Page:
Blueberry, a fruit crop indigenous to the United States, was valued at over $780 million in 2011 [U.S. Department of Agriculture (USDA), 2012]. Despite its emerging importance, various aspects of blueberry physiology including the process of fruit detachment are not well understood. Enhancing our knowledge of the process of fruit detachment can greatly aid in developing methods to increase the efficiency of mechanical harvesting, which can in turn reduce the costs associated with blueberry production (Austin and Williamson, 1977; Howell et al., 1976; Mainland et al., 1975; Takeda et al., 2008).
Fruit detachment may occur either through the physiological process of abscission or through tearing and physical separation of the fruit from the parent plant. Abscission involves the programmed separation of entire organs in response to plant developmental cues and various types of biotic and abiotic stress. Abscission occurs at specific regions within the plant termed abscission zones (Roberts et al., 2000, 2002; Sexton and Roberts, 1982). The cells in the AZ are morphologically and biochemically distinct before the initiation of the process of separation. The AZs generally consist of one to many layers of small, rounded, densely cytoplasmic cells at the union of the organ destined for detachment and the main body of the plant (Goren, 1993; Roberts et al., 2002; Sexton and Roberts, 1982). The AZ cells generally contain large deposits of starch and have highly branched plasmodesmata (Sexton and Roberts, 1982). These cells also display several ultrastructural changes during differentiation (Goren, 1993; Iwahori and Van Steveninck, 1976; Patterson, 2001; Roberts et al., 2002; Stösser et al., 1969; Webster, 1968). The progression of abscission at the pre-formed AZs involves multiple phases such as a gain in competence to respond to abscission signals, activation of the AZ resulting in the initiation of cell separation in response to the abscission signals, and cell separation followed by formation of a protective layer (Patterson, 2001).
Fruit crops may possess multiple AZs where fruit detachment can occur, often depending on the maturity of the separating organ. For example, in citrus (Citrus sp.) fruit, two AZs are associated with the fruit: 1) the shoot–peduncle AZ (AZ-A); and 2) the peduncle–fruit AZ (AZ-C) (Goren, 1993). Although the AZ-A is active during early fruit development, the AZ-C is the active zone associated with mature fruit detachment (Goren, 1993; Kazokas and Burns, 1998). Similarly, in the sour cherry (Prunus cerasus), two AZs have been described, one at the junction of the pedicel and the peduncle and another at the union of the pedicel and the fruit (Stösser et al., 1969; Wittenbach and Bukovac, 1974). Mature sour cherry fruit abscission occurs primarily at the AZ located at the junction of the pedicel and the fruit (Stösser et al., 1969; Wittenbach and Bukovac, 1974). Also in sweet cherry (Prunus avium), immature fruit detachment occurs at the pedicel–peduncle AZ, whereas mature fruit detachment occurs at the receptacle–fruit AZ (Wittenbach and Bukovac, 1972).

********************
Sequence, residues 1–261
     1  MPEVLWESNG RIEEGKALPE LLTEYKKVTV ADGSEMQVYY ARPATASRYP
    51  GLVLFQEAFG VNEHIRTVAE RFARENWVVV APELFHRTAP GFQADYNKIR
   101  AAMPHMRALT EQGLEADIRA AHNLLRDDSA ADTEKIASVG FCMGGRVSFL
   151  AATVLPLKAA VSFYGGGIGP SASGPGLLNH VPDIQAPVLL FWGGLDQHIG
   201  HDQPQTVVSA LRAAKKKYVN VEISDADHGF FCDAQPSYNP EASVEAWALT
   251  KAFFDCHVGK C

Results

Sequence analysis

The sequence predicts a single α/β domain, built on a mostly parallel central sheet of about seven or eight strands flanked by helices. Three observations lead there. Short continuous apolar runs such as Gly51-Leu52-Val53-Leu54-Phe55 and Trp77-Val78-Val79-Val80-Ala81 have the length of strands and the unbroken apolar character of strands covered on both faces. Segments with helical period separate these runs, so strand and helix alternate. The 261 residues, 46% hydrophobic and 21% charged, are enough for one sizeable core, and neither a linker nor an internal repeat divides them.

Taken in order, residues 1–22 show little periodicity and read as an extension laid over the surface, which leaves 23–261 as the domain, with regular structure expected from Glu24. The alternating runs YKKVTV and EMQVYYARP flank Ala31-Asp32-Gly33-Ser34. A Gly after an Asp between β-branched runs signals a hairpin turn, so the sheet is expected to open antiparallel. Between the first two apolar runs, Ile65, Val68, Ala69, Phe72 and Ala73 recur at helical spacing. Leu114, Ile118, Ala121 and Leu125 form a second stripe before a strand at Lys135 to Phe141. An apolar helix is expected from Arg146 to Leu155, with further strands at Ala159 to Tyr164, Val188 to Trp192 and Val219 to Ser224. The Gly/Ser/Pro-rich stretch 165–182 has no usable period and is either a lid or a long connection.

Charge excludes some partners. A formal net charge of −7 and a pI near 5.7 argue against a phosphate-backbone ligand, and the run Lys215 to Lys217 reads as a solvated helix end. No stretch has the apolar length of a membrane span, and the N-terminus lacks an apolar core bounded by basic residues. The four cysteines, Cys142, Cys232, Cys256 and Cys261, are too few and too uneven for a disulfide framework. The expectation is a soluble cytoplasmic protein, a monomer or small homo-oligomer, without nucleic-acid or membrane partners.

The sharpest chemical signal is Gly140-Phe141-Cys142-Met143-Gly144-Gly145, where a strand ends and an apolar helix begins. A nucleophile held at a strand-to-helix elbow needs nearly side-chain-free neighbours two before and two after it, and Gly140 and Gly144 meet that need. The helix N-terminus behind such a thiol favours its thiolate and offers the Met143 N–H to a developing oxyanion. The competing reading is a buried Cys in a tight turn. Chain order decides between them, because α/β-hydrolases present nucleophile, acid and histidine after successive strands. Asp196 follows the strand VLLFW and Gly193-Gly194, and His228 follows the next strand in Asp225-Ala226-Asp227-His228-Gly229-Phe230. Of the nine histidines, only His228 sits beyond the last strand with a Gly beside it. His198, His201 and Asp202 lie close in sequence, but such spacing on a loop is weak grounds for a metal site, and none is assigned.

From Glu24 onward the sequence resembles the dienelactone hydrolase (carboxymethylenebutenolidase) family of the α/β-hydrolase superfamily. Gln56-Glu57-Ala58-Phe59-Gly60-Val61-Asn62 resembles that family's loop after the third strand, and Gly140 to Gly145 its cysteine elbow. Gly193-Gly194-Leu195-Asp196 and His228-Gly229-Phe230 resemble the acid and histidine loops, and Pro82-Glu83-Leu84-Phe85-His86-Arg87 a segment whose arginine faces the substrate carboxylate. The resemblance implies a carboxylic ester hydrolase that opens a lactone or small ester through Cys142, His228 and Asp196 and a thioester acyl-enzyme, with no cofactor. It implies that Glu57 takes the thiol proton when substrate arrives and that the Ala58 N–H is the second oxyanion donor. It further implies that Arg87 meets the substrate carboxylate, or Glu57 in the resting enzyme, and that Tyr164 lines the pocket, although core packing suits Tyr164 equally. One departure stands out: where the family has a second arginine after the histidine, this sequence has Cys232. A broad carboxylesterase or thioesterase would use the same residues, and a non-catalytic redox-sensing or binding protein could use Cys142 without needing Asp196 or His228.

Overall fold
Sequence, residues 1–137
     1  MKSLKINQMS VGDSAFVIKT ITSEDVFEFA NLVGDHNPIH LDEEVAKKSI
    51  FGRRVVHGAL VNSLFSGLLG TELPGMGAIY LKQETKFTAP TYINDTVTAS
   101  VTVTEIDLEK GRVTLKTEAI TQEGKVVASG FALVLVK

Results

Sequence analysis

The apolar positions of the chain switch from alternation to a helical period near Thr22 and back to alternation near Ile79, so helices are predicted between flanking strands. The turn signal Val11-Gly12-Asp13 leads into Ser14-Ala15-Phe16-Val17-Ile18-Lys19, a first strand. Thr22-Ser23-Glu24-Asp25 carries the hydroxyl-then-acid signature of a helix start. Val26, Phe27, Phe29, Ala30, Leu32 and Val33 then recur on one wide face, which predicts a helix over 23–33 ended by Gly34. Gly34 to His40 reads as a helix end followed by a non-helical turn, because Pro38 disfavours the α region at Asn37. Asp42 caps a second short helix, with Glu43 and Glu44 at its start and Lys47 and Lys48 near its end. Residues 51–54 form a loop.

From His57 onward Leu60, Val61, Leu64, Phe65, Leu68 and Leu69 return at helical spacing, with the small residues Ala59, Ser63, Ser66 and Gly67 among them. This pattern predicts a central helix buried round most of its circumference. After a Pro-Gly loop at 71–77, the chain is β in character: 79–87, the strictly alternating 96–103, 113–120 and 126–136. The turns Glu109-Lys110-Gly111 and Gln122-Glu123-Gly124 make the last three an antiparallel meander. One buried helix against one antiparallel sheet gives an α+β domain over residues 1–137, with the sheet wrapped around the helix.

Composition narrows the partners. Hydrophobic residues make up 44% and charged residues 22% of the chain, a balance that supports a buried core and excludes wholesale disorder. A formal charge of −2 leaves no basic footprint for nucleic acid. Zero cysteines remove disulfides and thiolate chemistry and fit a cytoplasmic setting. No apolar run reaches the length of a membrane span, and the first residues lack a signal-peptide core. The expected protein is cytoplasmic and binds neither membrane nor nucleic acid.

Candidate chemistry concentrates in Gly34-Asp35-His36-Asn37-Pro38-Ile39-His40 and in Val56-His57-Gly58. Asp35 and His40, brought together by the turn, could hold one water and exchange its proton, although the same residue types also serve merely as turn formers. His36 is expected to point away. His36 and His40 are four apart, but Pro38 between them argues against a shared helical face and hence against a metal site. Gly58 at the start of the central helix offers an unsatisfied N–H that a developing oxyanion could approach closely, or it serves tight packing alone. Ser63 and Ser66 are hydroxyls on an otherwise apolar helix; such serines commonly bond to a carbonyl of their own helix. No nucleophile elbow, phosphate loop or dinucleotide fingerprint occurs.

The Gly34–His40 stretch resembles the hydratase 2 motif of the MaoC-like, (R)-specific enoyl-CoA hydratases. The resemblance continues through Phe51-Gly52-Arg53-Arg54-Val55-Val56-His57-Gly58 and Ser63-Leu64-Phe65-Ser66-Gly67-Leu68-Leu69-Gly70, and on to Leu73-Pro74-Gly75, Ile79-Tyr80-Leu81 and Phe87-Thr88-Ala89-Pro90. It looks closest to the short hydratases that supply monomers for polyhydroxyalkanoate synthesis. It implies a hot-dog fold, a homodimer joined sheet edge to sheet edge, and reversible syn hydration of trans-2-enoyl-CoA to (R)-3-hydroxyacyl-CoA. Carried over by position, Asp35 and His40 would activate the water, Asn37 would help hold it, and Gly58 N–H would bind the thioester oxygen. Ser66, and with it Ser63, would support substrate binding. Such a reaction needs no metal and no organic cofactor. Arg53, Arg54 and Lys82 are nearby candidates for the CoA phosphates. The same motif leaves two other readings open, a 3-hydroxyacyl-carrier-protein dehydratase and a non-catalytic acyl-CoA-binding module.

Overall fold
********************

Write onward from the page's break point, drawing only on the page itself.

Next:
Plant organs can also separate from the plant as a result of mechanical breakage and cell disruption within weak points of attachment in response to physical force instead of abscission. During hand or mechanical harvesting, the fruit may be separated from the plant as a result of cell rupture and breakage at the AZ or at other physically weak points of attachment of the fruit to the plant. For example, mechanical harvesting in sweet cherry can result in mature fruit detachment between the pedicel and the peduncle (Norton et al., 1962), whereas mature fruit normally abscise at the receptacle–fruit AZ (Wittenbach and Bukovac, 1972).
Fruit detachment in blueberry can occur at the point of attachment of the pedicel to the peduncle or at the point of attachment of the pedicel to the berry. Gough and Litke (1980) reported the presence of an AZ at the point of attachment of the pedicel to the berry and indicated that mature fruit detachment in northern highbush blueberry (Vaccinium corymbosum) occurs primarily at this location. This junction is referred to hereafter as the fruit–pedicel junction (FPJ). Hand harvesting and the majority of mechanical harvesting of blueberry cultivars typically result in fruit separation at the FPJ (Howell et al., 1976; Takeda et al., 2008). Recent studies indicate that fruit drop in response to the application of abscission agents such as ethephon (2-chloroethylphosphonic acid) and methyl jasmonate (MeJa) occurs primarily at the point of attachment of the pedicel to the peduncle in different types of blueberries (Malladi et al., 2012). This junction is referred to hereafter as the peduncle–pedicel junction (PPJ). The point of natural detachment of mature fruit is not well understood. Additionally, it is unclear whether fruit separation at these junctions occurs as a result of abscission or as a result of physical tissue disruption.
A better understanding of the point of fruit detachment and the processes mediating it in blueberry is essential to improve the efficiency of mechanical harvesting. Such information can aid in determining the applicability of abscission agents as harvest aids and in the breeding and selection of genotypes better suited for mechanical harvesting. Hence, the main objectives of this study were to determine the point of mature fruit detachment in blueberry and to determine if fruit detachment occurs through the physiological process of abscission or through physical separation. To achieve these objectives, the anatomy of the points of fruit detachment, natural fruit detachment, fruit detachment in response to abscission agents, and fruit detachment in response to mechanical shaking were investigated in rabbiteye blueberry.
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